During one of the quarter or halftime breaks, the televisions played a clip of a Colt project conducted earlier last week.  Click HERE to see how corn farmers, Indiana Soybean Alliance, the Indianapolis Colts, and FFA members all worked together to Pack Meals for the Hungry.

Bayer is also sponsoring a great #Thankful4Ag project:  Please click HERE to go to that site and create a virtual meal that will help feed ten families for every one share.  It's easy-peasy!

These two projects warm my heart because Ag communities understand how much it takes in money and effort to feed people.  There are so many ways to help those whose Thanksgiving tables will not be as full as ours, and the spirit of giving is in the air.  Look around and see where you might be able to lend a hand or your support to those in need.

Saturday, November 22, 2014

#30 Days of Ag. November 22 : Indiana Family of Farmers

When those few great, young, enthusiastic, creative, and savvy women put their heads together to create Real Farmwives of America and Friends, it seems like it was the idea that pulled so many of our Ag businesses and organizations together.  From this, Indiana Family of Farmers (IFOF) was born.

IFOF is such a great resource for any and all questions about Indiana Agriculture. This is a list of all those single entities that come together contributing resources and people power to our mission to educate all consumers about what we grow and produce in Indiana:

The following organizations contribute to Indiana’s Family of Farmers:
Isn't that an extensive list of people to tap when a question pops up?  I have linked up to many of these organizations when I need help explaining a process or need to verify my facts. Another fact about this list is that many of them get together once a month or so to talk about AG related issues. Grain prices effect feed and animal productions, and poor weather conditions can touch us all.  It is so important to keep an open channel of dialog between our state's Ag organizations and institutes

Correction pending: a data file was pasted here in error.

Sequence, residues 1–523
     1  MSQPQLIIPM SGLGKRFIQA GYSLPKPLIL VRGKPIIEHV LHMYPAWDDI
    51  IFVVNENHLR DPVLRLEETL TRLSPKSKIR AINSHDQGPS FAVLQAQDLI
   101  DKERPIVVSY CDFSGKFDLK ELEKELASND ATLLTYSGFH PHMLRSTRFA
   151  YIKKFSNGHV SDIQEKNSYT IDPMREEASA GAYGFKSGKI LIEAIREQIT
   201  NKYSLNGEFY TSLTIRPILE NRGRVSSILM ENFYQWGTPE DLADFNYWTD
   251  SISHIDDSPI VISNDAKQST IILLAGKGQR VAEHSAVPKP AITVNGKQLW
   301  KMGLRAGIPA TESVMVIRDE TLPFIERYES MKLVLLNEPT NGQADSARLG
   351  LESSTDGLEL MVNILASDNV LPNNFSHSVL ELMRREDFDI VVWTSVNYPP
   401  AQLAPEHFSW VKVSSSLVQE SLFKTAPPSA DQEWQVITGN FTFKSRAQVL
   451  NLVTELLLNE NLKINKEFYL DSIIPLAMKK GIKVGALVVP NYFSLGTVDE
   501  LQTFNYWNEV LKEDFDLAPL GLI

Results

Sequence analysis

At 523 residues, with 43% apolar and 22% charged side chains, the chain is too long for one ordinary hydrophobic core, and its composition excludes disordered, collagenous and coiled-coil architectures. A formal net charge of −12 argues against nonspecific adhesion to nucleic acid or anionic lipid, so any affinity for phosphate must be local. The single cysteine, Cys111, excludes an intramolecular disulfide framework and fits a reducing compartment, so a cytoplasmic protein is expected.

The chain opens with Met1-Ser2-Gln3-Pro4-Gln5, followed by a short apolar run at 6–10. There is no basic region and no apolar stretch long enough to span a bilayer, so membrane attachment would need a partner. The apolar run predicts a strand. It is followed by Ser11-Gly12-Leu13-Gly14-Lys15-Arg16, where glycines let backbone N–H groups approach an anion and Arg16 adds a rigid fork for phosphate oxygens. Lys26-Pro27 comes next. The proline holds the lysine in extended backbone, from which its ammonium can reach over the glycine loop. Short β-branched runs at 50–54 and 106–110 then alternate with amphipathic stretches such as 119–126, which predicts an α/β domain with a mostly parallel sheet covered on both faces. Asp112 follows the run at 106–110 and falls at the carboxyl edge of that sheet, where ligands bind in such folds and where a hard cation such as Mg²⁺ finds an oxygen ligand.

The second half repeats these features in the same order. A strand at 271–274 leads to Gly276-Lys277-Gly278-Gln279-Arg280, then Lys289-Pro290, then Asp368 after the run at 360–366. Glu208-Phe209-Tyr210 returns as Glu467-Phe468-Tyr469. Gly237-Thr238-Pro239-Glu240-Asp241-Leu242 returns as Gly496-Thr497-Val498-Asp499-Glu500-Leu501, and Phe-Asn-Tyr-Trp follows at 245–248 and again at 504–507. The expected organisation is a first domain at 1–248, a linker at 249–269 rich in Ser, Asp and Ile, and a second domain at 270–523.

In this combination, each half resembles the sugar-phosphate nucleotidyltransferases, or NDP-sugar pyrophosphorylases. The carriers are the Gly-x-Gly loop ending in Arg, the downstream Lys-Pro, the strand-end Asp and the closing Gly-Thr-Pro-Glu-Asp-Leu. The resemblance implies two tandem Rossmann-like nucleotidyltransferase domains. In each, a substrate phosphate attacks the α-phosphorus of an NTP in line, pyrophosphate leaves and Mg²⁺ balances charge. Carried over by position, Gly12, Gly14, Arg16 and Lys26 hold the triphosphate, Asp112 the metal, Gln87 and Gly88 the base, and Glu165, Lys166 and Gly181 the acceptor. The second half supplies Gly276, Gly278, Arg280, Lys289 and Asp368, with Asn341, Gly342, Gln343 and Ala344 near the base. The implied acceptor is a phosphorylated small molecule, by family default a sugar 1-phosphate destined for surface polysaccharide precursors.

The Partnerships/Opportunities page is another great resource to find Ag education materials for the classroom or your own farm kids.

Over on Facebook, Indiana's Family of Farmers, and IFOF and Dairy Blogger Programs are great pages to look for activities created to let you know more about what we, as farmers, do.

With us just getting back into a routine after harvest, I'm trying to get back in touch with all of these groups and see what I have missed while putting in seat time out in the field.  I know that the people behind these organizations have kept the agricultural home fires burning while we have been burning the midnight oil trying to bring in the harvest.  Thanks IFOF for spreading the good word about Ag.

Friday, November 21, 2014

#30 Days of Ag November 21: Indiana Soybean Alliance

Hello and TGIF!

Looks like I am going to dedicate most of this week's blog posts to organizations and groups that I work with to promote Agriculture.  First there was Indiana Farm Bureau, and yesterday it was all about my gal-pals at Real Farmwives of America and Friends (RFOA), and today it is Indiana Soybean Alliance's turn to grab a bit of the spot light.

RFOA sprang from a group of like-minded women who wanted to give Ag a voice to the young urban mothers of America who might be well removed from the farm.  Our home base has always been in the meeting rooms of Indiana Soybean Alliance's offices.  They have supported our efforts in too many ways to mention, and made impossible ideas possible with that support.

Have you ever been to The Glass Barn at the Indiana State Fair?  Do you know Beany?

Indiana Soybean Association also sponsored the Dine and Discuss evening at Kendell Culp's family farm in nearby Rensselaer.  That was a great experience seeing how we can still make every part of a meal prepared with food grown on one farm or withing the county!